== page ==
r 5157180 1386044577 9347 jpeg Top 25 Songs of 198704. The Cure. – “Just Like Heaven”

Kiss Me, Kiss Me, Kiss Me

With “Just Like Heaven”, The Cure became a band for everyone. Granted, the gothic overtones that had initially haunted Robert Smith and co. admittedly began to dissipate with their 1982 single “Let’s Go to Bed”, but “Just Like Heaven” was the crossover hit they desperately needed. For starters, the song works on every level — from the shower of synths to the ditzy piano notes to the surfing guitar line that sounds like Dick Dale on LSD — but really it’s all about the message. “You’re just like a dream,” Smith croons, connecting to every single person who has ever walked away from someone and thought, I might just die without them. Suddenly, everything that made The Cure so relatable to the “freaks” and “creeps” for all those years made sense to everyone else who either ignored them or looked in from outside. And has there ever been a better opening line? Good lord, the song really is just like a dream, one that you never want to leave, which is why it’s best heard again and again and again. That is, until you’re back to square one, which is why Smith went on to make Disintegration. –Michael Roffman


9b3fbe08d00fb5fe74897584a4de4b56 953x953x1 Top 25 Songs of 198703. Whitney Houston – “I Wanna Dance with Somebody”


Though eventually overshadowed by the absolutely massive “I Will Always Love You”, it’s not hard to imagine a world in which “I Wanna Dance with Somebody” went down as a career-defining tune. The giggling in the bridge, the glass-shattering high notes, the rolling vibrato in the held notes — there are so many flourishes that only an absolute megastar completely confident in her ability could deliver. The George Merrill and Shannon Rubicam-penned song is perfect for filling dance floors, but carries a surprising amount of depth for a song so dependent on cheese (seriously, the male voices repeating “dance” near the conclusion are delightful). Whitney Houston’s not just out to go dancing; she wants to enjoy life with someone who enjoys her just as much. “I need a man who’ll take a chance/ On a love that burns hot enough to last/ So when the night falls/ My lonely heart calls,” she sings at the song’s emotional peak, one that Houston pulls off with a swiveling hip and a smile. –Lior Phillips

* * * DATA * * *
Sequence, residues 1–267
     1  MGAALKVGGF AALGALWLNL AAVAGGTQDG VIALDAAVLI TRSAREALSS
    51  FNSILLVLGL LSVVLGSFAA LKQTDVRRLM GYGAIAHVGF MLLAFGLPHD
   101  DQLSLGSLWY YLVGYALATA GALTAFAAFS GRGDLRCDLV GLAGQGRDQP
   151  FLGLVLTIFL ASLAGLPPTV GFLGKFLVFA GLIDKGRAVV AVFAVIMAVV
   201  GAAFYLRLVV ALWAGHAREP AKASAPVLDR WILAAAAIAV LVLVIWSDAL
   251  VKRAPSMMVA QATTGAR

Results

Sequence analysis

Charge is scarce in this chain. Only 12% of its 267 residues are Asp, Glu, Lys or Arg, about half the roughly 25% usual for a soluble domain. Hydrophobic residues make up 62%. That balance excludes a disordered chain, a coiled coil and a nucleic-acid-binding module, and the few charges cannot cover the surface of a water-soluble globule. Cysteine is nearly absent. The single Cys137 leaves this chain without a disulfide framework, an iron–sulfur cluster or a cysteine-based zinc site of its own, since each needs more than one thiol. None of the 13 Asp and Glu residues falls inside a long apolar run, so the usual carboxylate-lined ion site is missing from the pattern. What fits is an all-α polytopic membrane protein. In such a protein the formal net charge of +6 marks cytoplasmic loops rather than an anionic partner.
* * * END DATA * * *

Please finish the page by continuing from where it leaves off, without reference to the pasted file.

michael jackson bad Top 25 Songs of 198702. Michael Jackson – “Man in the Mirror”


With its powerful message about galvanizing change by starting with yourself, Michael Jackson’s “Man in the Mirror” is something of a PSA complete with smooth tones, a choir, and a plentiful amount of “hoos” and “na na nas.” The song was accompanied by an impactful music video that highlights the raw realities of long-standing societal crises such as homelessness, malnutrition, and discrimination, thereby forcing viewers to rid themselves of any blind eye they had been turning toward the world around them. “Man in the Mirror” is a particularly special song because its message will always hold relevance. Between the notes of the synth bass lies an important reminder that change can always be created and that each and every individual holds the power to get the ball rolling. –Lindsay Teske